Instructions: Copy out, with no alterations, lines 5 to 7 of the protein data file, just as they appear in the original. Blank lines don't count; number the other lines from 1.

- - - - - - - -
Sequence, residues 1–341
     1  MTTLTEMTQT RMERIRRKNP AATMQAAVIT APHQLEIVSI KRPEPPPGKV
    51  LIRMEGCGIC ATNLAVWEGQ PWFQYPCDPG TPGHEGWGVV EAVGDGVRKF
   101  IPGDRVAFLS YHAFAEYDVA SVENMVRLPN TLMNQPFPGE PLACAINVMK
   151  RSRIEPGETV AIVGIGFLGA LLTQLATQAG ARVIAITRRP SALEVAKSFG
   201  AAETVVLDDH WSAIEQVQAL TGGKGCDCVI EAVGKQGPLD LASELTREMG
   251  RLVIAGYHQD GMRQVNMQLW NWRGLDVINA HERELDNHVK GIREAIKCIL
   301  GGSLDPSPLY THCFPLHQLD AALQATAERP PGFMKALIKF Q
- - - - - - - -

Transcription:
   151  RSRIEPGETV AIVGIGFLGA LLTQLATQAG ARVIAITRRP SALEVAKSFG
   201  AAETVVLDDH WSAIEQVQAL TGGKGCDCVI EAVGKQGPLD LASELTREMG
   251  RLVIAGYHQD GMRQVNMQLW NWRGLDVINA HERELDNHVK GIREAIKCIL